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This One Looks Like a Boy: My Gender Journey to Life as a Man

Spring 2019, Greystone Books

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Since he was a small child, Lorimer Shenher knew something for certain: he was a boy. The problem was, he was growing up in a girl’s body.

In this candid and thoughtful memoir, Shenher shares the story of his gender journey, from childhood gender dysphoria to teenage sexual experimentation to early-adult denial of his identity—and finally the acceptance that he is trans, culminating in gender reassignment surgery in his fifties. Along the way, he details his childhood in booming Calgary, his struggles with alcohol, and his eventual move to Vancouver, where he became the first detective assigned to the case of serial killer Robert Pickton (the subject of his critically acclaimed book That Lonely Section of Hell). With warmth and openness, This One Looks Like A Boy takes us through one of the most important decisions Shenher will ever make, as he comes into his own and finally discovers acceptance and relief.

That Lonely Section of Hell: The Botched Investigation of a Serial Killer Who Almost Got Away

Copyright 2015, Greystone Books

Available for Purchase via Greystone Books

In That Lonely Section of Hell, ex-police detective Lori Shenher (who transitioned to male in 2015 and is now known as Lorimer) describes his role in Vancouver’s infamous Missing and Murdered Women Investigation and his years-long struggle with Post-Traumatic Stress Disorder as a result of working on the case. From his first assignment in 1998 to explore an increase in the number of missing women to the harrowing 2002 interrogation of convicted serial killer Robert Pickton, Shenher tells a story of massive police failure—failure of the police to use the information about Pickton available to them, failure to understand the dark world of drug addiction and sex work, and failure to save more women from their killer. That Lonely Section of Hell passionately pursues the deeper truths behind the causes of this tragedy and the myriad ways the system failed to protect vulnerable people.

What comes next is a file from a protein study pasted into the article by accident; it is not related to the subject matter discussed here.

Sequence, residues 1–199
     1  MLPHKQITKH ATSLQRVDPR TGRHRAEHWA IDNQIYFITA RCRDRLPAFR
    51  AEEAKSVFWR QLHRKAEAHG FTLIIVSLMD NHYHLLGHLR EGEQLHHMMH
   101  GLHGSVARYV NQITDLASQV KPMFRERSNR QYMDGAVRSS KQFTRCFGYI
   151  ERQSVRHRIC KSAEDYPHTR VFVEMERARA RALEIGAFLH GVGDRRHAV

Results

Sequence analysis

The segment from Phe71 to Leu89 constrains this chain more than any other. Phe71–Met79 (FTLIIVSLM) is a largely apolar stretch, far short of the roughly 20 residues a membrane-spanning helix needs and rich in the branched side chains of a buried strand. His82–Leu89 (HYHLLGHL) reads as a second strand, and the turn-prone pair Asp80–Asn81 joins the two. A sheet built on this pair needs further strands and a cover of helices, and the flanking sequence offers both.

• 2015 Globe & Mail Top 100 Book
  • 2016 BC Book Prizes Hubert Evans Award for non-fiction nominee
  • 2016 Ontario Library Association Evergreen Award nominee
  • 2016 Kobo Emerging Writer Prize for non-fiction shortlist
  • 2016 Edna Staebler Award for creative non-fiction shortlist
  • 2016 City of Vancouver Book Award finalist

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